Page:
Introduction

 

Original location in the cathedral. Altarpiece of the Marshal’s Chapel, Seville cathedral

After restoration

Following a lengthy and complex process of restoration undertaken in the Prado’s conservation studios, the Museum is temporarily displaying in Room 56B (until 15 March) one of the most important Renaissance paintings executed in Spain: The Purification of the Virgin in the Temple of 1556 by the Flemish artist Peeter de Kempeneer (known in Spain as Pedro de Campaña). Designed for Seville cathedral as the central element in the Altarpiece of Marshal Diego Caballero, this monumental work is a perfect example of the influence of Dürer and Raphael on Campaña’s style.

Pedro de Campaña (Brussels 1503-1587) arrived in Seville in 1537, by which date he was already a fully trained master and had spent time in Italy. He remained in Seville for twenty years, undertaking major commissions, of which the one for the cathedral was among the most highly esteemed and praised.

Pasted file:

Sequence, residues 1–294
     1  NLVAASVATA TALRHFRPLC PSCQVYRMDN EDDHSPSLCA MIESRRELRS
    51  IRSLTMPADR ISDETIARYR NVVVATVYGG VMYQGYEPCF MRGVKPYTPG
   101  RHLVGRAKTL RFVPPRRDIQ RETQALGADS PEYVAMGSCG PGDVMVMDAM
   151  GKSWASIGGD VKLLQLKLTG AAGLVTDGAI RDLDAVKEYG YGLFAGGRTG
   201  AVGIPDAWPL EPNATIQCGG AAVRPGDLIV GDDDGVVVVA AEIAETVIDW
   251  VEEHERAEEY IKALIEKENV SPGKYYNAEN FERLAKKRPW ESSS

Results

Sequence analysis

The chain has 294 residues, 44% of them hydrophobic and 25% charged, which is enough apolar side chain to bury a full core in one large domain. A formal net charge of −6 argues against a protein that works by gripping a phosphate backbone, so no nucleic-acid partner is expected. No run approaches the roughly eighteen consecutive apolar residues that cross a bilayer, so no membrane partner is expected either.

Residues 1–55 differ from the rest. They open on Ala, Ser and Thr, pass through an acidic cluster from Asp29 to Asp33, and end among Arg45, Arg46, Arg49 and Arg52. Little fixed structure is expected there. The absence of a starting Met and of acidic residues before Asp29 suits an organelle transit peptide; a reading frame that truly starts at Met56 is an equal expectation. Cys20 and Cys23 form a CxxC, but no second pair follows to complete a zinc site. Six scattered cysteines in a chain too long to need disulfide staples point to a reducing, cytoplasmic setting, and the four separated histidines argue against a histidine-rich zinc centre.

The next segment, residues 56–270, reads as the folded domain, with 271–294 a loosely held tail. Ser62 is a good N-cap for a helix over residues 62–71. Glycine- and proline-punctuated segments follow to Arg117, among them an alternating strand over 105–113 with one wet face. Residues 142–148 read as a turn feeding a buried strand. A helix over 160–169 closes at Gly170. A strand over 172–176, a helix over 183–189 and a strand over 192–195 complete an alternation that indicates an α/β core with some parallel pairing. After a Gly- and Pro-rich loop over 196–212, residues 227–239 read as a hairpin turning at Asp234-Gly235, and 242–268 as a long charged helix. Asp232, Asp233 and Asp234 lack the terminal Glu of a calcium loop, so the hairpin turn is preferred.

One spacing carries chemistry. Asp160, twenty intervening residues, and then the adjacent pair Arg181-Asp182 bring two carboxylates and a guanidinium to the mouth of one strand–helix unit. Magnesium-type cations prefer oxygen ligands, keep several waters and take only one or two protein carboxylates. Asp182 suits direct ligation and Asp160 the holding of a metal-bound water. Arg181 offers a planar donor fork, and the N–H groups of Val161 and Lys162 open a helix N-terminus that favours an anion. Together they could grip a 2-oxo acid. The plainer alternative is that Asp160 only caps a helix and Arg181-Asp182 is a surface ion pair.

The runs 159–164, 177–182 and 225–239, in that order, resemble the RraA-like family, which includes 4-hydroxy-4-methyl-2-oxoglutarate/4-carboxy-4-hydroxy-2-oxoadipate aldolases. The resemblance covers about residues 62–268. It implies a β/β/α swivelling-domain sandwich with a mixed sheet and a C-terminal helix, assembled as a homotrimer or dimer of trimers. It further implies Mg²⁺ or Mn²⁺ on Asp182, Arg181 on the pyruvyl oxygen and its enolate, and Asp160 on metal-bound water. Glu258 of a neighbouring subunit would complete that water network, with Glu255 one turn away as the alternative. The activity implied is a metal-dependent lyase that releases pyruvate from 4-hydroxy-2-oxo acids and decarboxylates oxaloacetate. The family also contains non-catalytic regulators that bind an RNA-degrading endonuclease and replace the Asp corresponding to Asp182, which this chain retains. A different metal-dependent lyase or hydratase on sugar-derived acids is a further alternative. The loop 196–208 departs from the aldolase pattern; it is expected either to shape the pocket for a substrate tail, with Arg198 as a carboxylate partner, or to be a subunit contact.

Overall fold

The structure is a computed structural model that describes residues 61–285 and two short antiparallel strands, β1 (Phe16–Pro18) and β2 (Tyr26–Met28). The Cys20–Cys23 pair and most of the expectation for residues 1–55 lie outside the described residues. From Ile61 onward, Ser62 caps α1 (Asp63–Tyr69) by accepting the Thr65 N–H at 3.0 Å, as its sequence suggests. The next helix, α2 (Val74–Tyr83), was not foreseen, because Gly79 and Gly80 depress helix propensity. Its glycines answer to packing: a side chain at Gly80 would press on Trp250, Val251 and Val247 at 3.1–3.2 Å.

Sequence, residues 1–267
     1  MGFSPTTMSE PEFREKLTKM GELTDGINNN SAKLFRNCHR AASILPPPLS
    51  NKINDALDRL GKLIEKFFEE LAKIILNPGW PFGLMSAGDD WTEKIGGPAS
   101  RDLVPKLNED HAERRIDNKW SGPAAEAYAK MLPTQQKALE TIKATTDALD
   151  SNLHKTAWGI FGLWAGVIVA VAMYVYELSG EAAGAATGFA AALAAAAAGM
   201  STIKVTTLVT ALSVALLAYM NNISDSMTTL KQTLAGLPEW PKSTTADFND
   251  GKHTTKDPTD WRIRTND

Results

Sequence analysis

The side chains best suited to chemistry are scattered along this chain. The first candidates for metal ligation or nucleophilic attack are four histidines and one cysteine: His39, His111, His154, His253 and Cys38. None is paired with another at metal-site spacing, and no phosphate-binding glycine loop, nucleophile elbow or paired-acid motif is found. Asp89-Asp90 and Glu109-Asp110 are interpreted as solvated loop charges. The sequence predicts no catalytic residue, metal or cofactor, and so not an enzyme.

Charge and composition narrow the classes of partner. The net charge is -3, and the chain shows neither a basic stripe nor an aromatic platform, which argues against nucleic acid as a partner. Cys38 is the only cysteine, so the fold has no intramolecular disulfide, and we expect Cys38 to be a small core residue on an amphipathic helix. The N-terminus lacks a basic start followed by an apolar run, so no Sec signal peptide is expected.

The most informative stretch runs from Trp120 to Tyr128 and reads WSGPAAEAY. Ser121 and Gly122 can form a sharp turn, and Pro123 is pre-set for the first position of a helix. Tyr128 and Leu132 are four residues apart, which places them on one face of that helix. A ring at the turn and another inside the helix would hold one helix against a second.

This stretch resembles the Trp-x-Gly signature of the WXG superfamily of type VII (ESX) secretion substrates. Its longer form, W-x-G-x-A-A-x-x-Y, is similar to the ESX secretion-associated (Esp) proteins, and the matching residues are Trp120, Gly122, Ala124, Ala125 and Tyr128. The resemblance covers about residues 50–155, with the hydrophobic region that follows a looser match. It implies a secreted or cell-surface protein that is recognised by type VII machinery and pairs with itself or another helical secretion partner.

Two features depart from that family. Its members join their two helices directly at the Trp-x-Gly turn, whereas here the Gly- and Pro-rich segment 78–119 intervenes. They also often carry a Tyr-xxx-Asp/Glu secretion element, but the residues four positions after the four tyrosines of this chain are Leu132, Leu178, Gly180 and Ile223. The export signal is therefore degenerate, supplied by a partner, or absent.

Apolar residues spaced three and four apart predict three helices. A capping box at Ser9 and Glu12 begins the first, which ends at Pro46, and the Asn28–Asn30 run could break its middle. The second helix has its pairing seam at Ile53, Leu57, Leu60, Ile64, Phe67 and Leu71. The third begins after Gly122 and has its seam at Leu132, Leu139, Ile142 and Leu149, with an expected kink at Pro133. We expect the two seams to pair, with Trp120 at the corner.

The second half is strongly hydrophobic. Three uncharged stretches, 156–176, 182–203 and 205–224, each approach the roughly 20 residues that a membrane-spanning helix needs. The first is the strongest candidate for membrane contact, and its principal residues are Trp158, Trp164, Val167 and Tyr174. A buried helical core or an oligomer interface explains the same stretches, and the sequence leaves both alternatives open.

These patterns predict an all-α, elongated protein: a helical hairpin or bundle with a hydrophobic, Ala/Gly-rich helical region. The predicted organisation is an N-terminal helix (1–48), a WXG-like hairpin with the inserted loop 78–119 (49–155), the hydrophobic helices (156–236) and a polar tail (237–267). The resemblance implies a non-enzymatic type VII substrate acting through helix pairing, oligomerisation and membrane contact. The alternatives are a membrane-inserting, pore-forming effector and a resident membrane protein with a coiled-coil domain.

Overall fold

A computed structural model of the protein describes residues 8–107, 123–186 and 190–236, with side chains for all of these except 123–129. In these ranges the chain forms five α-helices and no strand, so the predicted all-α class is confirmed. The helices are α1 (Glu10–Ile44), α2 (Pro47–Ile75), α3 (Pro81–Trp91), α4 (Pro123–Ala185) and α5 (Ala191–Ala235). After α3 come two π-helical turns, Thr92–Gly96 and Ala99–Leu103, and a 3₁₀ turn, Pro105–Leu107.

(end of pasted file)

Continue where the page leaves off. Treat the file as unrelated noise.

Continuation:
The Purification is a complex composition that is partly based on a print by Dürer, particularly with regard to the monumental conception of the pictorial space in which the artist located an elegant, sinuous group of figures that are closely related to the work of Michelangelo and Raphael. Due to its extremely large size, the painting was executed on 14 oak panels attached together horizontally. This unusual method of construction led to continual conservation problems and made it necessary to undertake the complex process of restoration that has recently been completed by experts at the Museo del Prado.

The room in which the painting is temporarily displayed in the Museum has text panels explaining the nature of the painting and its recent restoration. In the same room visitors can also see a visual projection of the various stages of the restoration process that took place in the Museum’s conservation studios.

 
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